posted May 2, 2023 – 10:30 am
The City invites the community to support its pollinators and green spaces by mowing less and joining in its Low Mow May 2023 efforts.
As of May 1, 2023, the City will not enforce the tall grass ordinance for the remainder of the month. Low Mow May is a conservation initiative that promotes little or no mowing during the month of May to give pollinators the best chance at reproducing.
Research has shown significant declines in native pollinator population sizes and ranges globally. Up to 40 percent of pollinator species on earth may be at risk of extinction in the coming years as a result of habitat loss, pesticide use, and climate change. Research also found lawn heights of at least five inches support the most bees, when there are lawn flowers like dandelions, clovers, and violets. Therefore, the City will not be issuing violations for lawns with grass taller than eight inches as it normally would per City Ordinance.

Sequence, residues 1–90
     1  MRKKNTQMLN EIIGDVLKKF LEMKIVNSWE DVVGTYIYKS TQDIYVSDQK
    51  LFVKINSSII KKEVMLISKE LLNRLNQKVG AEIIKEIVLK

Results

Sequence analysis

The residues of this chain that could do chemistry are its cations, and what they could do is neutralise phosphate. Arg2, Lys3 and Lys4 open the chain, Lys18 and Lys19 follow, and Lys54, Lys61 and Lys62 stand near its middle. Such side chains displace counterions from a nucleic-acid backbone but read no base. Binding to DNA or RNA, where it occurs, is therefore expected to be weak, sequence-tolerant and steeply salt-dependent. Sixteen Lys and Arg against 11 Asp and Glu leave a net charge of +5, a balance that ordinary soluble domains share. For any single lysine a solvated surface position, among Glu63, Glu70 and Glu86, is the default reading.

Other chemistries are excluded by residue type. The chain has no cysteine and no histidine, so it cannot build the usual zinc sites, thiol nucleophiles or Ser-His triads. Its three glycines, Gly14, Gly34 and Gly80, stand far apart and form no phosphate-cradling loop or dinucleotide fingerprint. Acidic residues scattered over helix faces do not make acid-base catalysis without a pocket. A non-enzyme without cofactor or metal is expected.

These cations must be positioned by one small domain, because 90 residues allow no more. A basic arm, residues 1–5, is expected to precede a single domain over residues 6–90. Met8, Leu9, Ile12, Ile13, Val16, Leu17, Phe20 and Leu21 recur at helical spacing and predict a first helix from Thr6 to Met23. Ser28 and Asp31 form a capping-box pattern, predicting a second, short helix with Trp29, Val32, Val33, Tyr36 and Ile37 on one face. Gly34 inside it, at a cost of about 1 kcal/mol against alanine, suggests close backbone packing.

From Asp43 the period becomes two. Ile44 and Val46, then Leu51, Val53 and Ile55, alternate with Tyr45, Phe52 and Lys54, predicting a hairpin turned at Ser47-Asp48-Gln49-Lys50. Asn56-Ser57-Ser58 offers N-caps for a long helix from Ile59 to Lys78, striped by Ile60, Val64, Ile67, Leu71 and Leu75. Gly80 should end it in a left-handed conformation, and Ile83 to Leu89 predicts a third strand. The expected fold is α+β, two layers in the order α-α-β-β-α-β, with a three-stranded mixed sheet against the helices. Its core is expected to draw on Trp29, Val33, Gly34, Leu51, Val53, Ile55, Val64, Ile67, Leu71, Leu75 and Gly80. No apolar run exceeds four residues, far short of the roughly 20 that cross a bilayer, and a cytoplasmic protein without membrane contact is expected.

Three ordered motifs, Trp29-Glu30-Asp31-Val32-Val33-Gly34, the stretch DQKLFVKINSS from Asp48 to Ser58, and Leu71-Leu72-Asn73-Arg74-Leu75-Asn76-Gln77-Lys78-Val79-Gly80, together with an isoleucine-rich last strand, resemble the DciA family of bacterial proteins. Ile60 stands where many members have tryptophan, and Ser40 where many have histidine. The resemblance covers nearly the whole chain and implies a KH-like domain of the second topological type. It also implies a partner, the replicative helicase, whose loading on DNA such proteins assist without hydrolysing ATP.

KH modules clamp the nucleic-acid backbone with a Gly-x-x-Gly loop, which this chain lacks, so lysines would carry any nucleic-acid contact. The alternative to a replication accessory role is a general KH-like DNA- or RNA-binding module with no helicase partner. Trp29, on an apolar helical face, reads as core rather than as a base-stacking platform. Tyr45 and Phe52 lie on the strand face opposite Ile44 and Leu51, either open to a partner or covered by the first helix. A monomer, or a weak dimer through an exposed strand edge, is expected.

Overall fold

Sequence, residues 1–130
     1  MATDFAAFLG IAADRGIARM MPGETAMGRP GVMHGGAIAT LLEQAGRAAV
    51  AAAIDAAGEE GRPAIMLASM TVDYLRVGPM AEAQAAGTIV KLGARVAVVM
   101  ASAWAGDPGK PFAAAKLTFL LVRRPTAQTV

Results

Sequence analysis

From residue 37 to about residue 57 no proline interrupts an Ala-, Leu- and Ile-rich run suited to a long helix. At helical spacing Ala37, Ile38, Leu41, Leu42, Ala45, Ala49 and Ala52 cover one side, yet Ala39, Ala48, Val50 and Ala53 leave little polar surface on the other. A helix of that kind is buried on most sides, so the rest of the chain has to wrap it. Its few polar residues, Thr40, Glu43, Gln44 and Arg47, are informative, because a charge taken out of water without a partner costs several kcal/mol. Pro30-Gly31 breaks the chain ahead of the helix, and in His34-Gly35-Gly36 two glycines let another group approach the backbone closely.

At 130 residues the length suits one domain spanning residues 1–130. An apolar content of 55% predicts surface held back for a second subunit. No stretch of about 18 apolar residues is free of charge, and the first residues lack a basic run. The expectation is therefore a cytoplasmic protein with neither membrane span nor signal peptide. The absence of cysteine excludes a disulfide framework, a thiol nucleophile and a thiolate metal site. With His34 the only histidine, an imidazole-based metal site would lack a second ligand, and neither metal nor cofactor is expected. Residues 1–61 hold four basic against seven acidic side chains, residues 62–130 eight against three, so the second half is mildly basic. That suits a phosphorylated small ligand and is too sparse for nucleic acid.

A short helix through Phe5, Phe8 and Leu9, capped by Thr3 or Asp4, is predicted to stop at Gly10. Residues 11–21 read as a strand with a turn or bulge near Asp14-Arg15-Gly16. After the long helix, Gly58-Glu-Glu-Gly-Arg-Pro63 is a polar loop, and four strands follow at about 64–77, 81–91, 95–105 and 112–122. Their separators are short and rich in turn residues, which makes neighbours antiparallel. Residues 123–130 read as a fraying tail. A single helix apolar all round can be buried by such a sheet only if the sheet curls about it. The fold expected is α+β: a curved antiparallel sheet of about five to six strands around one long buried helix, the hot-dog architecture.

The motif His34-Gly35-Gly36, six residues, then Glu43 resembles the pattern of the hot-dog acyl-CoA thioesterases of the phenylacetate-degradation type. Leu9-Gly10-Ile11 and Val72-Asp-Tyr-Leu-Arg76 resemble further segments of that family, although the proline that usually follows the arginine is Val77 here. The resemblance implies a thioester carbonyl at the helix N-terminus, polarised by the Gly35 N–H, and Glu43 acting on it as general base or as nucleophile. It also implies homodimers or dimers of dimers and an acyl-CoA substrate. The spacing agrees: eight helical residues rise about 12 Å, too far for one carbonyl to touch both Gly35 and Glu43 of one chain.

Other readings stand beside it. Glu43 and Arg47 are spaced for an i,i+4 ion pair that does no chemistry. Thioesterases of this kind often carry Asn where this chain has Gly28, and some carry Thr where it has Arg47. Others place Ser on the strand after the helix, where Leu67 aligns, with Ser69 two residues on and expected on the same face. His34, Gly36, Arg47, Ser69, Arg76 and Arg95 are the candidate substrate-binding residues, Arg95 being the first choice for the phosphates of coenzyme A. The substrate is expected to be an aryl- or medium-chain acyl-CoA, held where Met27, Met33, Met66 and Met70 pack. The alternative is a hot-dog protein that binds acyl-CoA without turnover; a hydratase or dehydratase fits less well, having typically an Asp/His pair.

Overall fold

“Madison is a certified Bee City which means we’ve made an official commitment to do what we can to conserve native pollinators. Low Mow May is just one initiative the City is taking to provide bees and other species with a healthy habitat that is rich in a variety of native plants, provides nest sites, and is protected from pesticides,” Mayor Satya Rhodes-Conway said.
This is the time of year pollinators begin to emerge from hibernation to search for food sources. Now is also the time when the community begins mowing their lawns. The City recommends mowing twice this month instead of every seven to ten days.
- Liz Stanislawski , 608-266-9013, firstname.lastname@example.org
City of Madison, Engineering, Mayor’s Office, Planning, Community & Economic Development, Building Inspection